The unbearable heat of daytime Penang means you’ll be exploring George Town in the full glare of the sun. Good thing the best of the Penang food scene kicks off soon as evening sets in.
The nighttime street hawkers of Lebuh Chulia are the most famous example, with Lebuh Kimberley coming in a close second.
Lebuh Kimberley, about ten minutes’ walk south of Lebuh Chulia, attracts plenty of foodie fans due to their authentic Malaysian street food selections. Blame this on Kimberley’s long association with Teochew immigrants from China (Penangites still call it “Swatow Street”, due to the immigrant community’s origins in China’s Swatow province, present-day Shantou).
The Hawkers of Lebuh Kimberley
As night falls on Penang, the corner of Lebuh Cintra and Lebuh Kimberley – particularly the sidewalks surrounding the kopitiam Kedai Kopi Sin Guat Keong – comes to life, with an assortment of stalls taking their accustomed positions on the street.
There’s a community-like feel to the hubbub here, and it’s no coincidence. These hawkers tend to be the offspring of previous generations of hawkers who sold the same familiar recipe on the same spot for years.
The hawkers possess a lifetime connection with their regular patrons that can be hard to break. As food tour entrepreneur and Penangite Mark Ng explains, “You’re connected to them – There’s a bonding right there that you just don’t want to disrespect by going to other vendors!”
Lebuh Kimberley is far less congested than Lebuh Chulia, and more importantly, suffers from less motor traffic. Eating at Lebuh Chulia sometimes feels like playing tag with moving vehicles, as RapidPenang buses, automobiles and scooters zoom past.
What to Eat at Lebuh Kimberley
Everything here is good to eat – and cheap, too. You can buy a complete meal for just under MYR 6 (about $1.80) – choose from a number of traditional Malay-influenced Chinese foods, from koay chiap to lok-lok to the classic char kway teow.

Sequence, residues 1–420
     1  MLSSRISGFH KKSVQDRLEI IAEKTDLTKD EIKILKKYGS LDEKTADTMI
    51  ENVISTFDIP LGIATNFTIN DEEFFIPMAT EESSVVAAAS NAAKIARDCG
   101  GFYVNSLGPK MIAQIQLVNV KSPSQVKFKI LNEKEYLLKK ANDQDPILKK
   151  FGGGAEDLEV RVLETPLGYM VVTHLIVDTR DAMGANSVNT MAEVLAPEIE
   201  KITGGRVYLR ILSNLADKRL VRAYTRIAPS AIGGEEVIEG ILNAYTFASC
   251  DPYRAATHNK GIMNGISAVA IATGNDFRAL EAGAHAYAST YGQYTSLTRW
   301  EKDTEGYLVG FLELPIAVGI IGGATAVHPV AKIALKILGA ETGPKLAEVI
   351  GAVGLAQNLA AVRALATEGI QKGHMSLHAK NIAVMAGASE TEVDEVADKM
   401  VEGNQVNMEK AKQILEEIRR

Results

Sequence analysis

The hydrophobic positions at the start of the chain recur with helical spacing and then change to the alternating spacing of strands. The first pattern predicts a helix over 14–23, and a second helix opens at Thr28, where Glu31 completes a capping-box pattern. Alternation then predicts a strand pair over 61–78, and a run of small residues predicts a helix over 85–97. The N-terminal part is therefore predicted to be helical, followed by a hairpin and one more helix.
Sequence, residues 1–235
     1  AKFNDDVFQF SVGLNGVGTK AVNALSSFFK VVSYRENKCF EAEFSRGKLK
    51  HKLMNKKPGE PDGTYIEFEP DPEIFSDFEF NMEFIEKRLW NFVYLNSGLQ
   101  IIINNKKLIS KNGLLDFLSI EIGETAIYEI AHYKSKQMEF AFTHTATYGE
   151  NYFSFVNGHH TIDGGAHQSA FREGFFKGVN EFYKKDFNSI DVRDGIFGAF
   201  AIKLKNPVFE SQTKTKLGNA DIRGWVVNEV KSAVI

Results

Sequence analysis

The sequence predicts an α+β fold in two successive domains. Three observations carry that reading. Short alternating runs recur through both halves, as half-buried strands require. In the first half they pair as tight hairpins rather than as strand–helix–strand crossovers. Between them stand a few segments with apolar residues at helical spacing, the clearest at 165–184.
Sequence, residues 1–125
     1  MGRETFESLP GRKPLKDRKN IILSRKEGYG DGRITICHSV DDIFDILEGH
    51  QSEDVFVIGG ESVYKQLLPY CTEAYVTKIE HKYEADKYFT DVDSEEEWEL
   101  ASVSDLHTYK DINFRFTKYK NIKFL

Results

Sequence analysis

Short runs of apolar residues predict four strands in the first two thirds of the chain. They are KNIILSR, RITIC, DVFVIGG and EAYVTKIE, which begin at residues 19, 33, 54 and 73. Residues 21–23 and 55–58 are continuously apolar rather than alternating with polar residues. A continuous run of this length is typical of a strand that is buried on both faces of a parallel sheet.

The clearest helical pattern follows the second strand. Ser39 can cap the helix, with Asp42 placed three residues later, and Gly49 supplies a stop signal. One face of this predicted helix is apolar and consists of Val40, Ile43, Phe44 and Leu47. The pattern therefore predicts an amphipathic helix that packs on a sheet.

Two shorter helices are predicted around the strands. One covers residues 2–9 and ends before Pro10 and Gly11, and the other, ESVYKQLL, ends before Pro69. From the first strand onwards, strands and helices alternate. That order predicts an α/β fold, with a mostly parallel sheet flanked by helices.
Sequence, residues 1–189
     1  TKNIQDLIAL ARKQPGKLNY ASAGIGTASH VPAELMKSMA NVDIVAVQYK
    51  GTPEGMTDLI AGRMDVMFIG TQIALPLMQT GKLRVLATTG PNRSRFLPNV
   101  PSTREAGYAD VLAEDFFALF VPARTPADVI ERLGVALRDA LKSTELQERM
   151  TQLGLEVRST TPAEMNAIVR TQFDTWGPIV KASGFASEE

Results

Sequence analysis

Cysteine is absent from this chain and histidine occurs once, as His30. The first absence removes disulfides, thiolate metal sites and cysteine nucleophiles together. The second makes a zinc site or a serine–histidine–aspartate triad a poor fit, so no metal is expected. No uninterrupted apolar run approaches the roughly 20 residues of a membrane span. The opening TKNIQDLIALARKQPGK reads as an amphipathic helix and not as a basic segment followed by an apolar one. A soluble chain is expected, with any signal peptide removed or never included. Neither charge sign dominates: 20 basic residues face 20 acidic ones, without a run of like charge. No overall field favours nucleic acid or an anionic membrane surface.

Char kway teow: some pundits have named Lean Joo Sean’s char kway teow the best in all of Penang, and from this writer’s personal experience, it’s hard to dispute.
Mr. Lean uses seafood-infused oil to cook his fried noodles – the oil was previously used to fry prawns. Stir-fried on a wok with duck egg, beansprouts, chives, cockles, Chinese sausages, and optional mantis prawns, the resulting char kway teow is an amazing blend of rich seafood flavors and greasy but substantial mouthfeel.
Koay teow th’ng: this noodle soup combines clear pork stock, rice noodles, and an array of garnishes – pork slices, fish cake, liver, mincemeat and fish balls. The koay teow th’ng stall on Lebuh Kimberley serves chicken feet braised in soy sauce, star anise and garlic – a strange but delicious side dish.
Duck koay chiap: Por Beng Kuan has been ladling out this stuff for the past thirty years from this very spot, and he shows no sign of slowing down. His specialty consists of rice noodles submerged in a dark soy-sauce infused soup, and mixed with all the extras – duck meat, liver, hard-boiled egg, chopped pigskin, clotted pig blood, and pork intestines.
Economy bee hoon: this dish is nothing fancy, just fried yellow noodles served with bean sprouts, crisp beancurd sheets, and chili sauce.
Ch’ng teng: This one’s for dessert: traditional Chinese sweet treats made of dried longan, jelly cubes, beans, and gingko nuts drowned in sweet syrup and almond milk.
Lebuh Kimberley Street Food at a Glance
Address: Intersection of Lebuh Cintra and Lebuh Kimberley, Georgetown, Penang, Malaysia (location on Google Maps).
Business hours: 6pm – 12.30pm every evening
Mark’s company Simply Enak hosts food tours in Kuala Lumpur and Penang; read about a day-to-night food tour of George Town with Mark Ng. For more details, visit their website, email email@example.com, or call +60 17 287 8929.